Francesco Venturi composer, vocalist, researcher



Performing Subjectivity (PhD)

Performing Subjectivity With Extreme And Extended Vocal Techniques

Practice-based PhD – Kingston University, London

Supervisors: Leah Kardos, Oded Ben-Tal, Freya Jarman-Ivens


This practice-based research aims to explore questions of identities, materiality of existence, performativity and voice. Human vocality is the site of imbrication of complex, often conflicting relations between sound and semantics, subjectivity and interpersonality. Before being a vehicle for language, however, voice is the material site where identity is negotiated.

My research explores the theoretical and practical relevance of Extreme and Extended Vocal Techniques (EEVTs) within this discourse. Examples of EEVTs are shrieking, whispering, creaking, percussive sounds, unusual and strange-sounding vocalisations. The study looks at such ‘strangeness’ as a meaningful occasion for the reconfiguration of the voice/self relationship, and sets itself the task of elucidating the link between EEVTs and queer theory. Explicitly concerned with the issue of voice dysphoria, it investigates the monstrous, the posthuman, the alien and the animalistic within vocality, and their communicative affordances in performance. What is the nature of such ‘otherness’? Which are its sonic signifiers? What subjectivities are EEVTs able to enact, and how can the latter inform debates about identity?

As a basis for discourse, I introduce the idea of EEVTs as ‘another voice’, arguing that it challenges hegemonic notions of ‘voice’ as revealing of a unified ‘self’. Through an embodied practice in singing, composition, choreography, and audio-visual documentation, plus the development of a representational system for the analysis of EEVTs, I explore the potentials of performance in thinking on how identities are negotiated through the voice.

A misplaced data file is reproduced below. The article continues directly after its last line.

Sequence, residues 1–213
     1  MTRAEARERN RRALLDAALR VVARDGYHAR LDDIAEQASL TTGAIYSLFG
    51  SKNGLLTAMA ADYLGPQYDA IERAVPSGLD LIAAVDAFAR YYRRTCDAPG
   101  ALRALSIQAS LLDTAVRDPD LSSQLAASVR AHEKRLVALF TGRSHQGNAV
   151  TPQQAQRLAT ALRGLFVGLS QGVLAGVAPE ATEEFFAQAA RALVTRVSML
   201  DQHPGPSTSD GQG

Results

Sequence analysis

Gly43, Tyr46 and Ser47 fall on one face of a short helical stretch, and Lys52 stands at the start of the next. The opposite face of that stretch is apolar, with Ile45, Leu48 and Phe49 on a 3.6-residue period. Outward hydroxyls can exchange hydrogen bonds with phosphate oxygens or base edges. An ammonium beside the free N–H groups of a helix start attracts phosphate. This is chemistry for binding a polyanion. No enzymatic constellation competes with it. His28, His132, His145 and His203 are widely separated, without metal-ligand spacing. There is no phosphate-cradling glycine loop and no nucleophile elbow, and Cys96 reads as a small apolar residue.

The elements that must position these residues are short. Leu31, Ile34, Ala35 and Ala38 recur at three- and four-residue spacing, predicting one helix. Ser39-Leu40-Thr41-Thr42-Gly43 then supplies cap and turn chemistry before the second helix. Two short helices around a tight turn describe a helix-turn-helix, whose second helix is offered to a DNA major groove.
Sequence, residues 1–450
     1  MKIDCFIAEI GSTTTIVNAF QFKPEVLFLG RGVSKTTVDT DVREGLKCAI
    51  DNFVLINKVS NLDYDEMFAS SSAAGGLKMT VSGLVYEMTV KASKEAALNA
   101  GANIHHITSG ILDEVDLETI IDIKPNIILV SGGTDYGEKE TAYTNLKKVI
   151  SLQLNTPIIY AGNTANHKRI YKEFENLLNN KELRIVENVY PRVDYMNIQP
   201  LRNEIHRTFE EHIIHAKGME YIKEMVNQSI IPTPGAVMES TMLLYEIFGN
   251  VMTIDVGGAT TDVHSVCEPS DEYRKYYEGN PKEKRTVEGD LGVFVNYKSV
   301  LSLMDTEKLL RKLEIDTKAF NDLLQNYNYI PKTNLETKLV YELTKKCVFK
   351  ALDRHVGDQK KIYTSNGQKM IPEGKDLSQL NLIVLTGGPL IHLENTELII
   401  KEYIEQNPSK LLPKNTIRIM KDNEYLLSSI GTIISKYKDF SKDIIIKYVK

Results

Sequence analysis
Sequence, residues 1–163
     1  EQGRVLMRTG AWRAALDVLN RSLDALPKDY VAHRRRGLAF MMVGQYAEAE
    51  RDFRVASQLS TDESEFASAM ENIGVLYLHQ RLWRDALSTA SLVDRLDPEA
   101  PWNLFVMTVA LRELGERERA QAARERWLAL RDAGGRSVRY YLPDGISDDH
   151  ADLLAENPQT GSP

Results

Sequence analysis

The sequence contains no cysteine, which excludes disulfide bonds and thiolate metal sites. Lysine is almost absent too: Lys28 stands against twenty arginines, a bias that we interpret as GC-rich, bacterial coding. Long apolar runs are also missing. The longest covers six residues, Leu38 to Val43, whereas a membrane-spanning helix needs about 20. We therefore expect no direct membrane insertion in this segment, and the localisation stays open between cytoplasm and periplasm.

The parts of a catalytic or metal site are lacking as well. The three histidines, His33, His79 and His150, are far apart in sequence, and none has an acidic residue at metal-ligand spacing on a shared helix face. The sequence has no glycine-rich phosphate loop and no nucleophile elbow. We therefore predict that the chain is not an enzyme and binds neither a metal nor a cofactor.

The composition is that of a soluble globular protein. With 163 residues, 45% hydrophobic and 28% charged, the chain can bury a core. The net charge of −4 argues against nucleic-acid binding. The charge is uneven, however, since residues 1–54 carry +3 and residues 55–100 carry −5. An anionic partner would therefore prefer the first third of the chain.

The research follows the conception, composition and production of a new interpretation of “Richard III”, integrating elements of music, drama and dance in a solo vocal performance, inspired by Carmelo Bene’s adaptation of the play by William Shakespeare. My objective is to develop a theory of EEVTs which speculates the existence of a queer voice at the intersection of experimental singing, composition, and vocal-existential document.


The central issue for my research is how to conceive EEVTs as a framework to engage with the issue of vocal identity. I explore the way unusual vocal sounds affect the perception of the body in performance, and how this impacts the way a ‘voice’ or ‘vocalising subject’ is formed, in the construction and reception processes. The condition of voice dysphoria – when vocal self-perception produces feelings of emotional and physical distress – reflects the degree of inconsistency between lived subjectivity and voice, showing to what extent the latter’s failure to match can lead to a loss of the sense of self and instability across time. The constant negotiations between inner and outer voices, however, constitute an essential part of any process of subject formation.

This project articulates the importance of EEVTs in ‘voicing’ such a fragmentation, whereby vocal identity is formed. I will consider the affective power, self-narrative construction and music-specific issues of EEVTs in order to understand how the relation of the voice to the body, in its entrance into the extreme vocal performance context, is subjected to a full reconfiguration (and a possible reconciliation). The ‘otherness’ of EEVTs, I will argue, introduces a radical break with the normative conceptions inscribed on the singer’s body, and produces a thought-provoking short-circuiting between the expressive stratum of the singing voice and its communicative stratum, thus creating the conditions for an ideal tabula rasa of the voice/self relationship.

I will work on a theatrical piece for solo voice and a portfolio of audio-visual materials. The piece will be a reworking of Shakespeare’s Richard III via an adaption from 1977 by Carmelo Bene. Such multiplication of voices (namely, Richard’s, Shakespeare’s, Bene’s and mine) directly feeds into my research by engaging with issues of identity, representation and performance. It will constitute the starting point of an inquiry into the sounding voice that addresses the affective power of EEVTs, and their ability to enact transgressive subjectivities, while avoiding the affirmation of language as the ground of singing.

In his “Riccardo III” – a play about artifices, self-presentation, and theatricality – Bene removes the theme of the thirst for power, replacing it with the suffered desire of a man to be given voice. Other than Richard himself, only a few characters are left, and appear as ghosts, with whom Richard leads a secret conversation, as if they were inner voices. The theme of monstrosity is central, and it is conceived as a social condition (“Since I cannot prove a lover, to entertain these fair well-spoken days, I am determined to prove a villain”, Act I, Scene 1) which however becomes a psychophysical condition. My work on the voice will dramatise such monstrosity through EEVTs.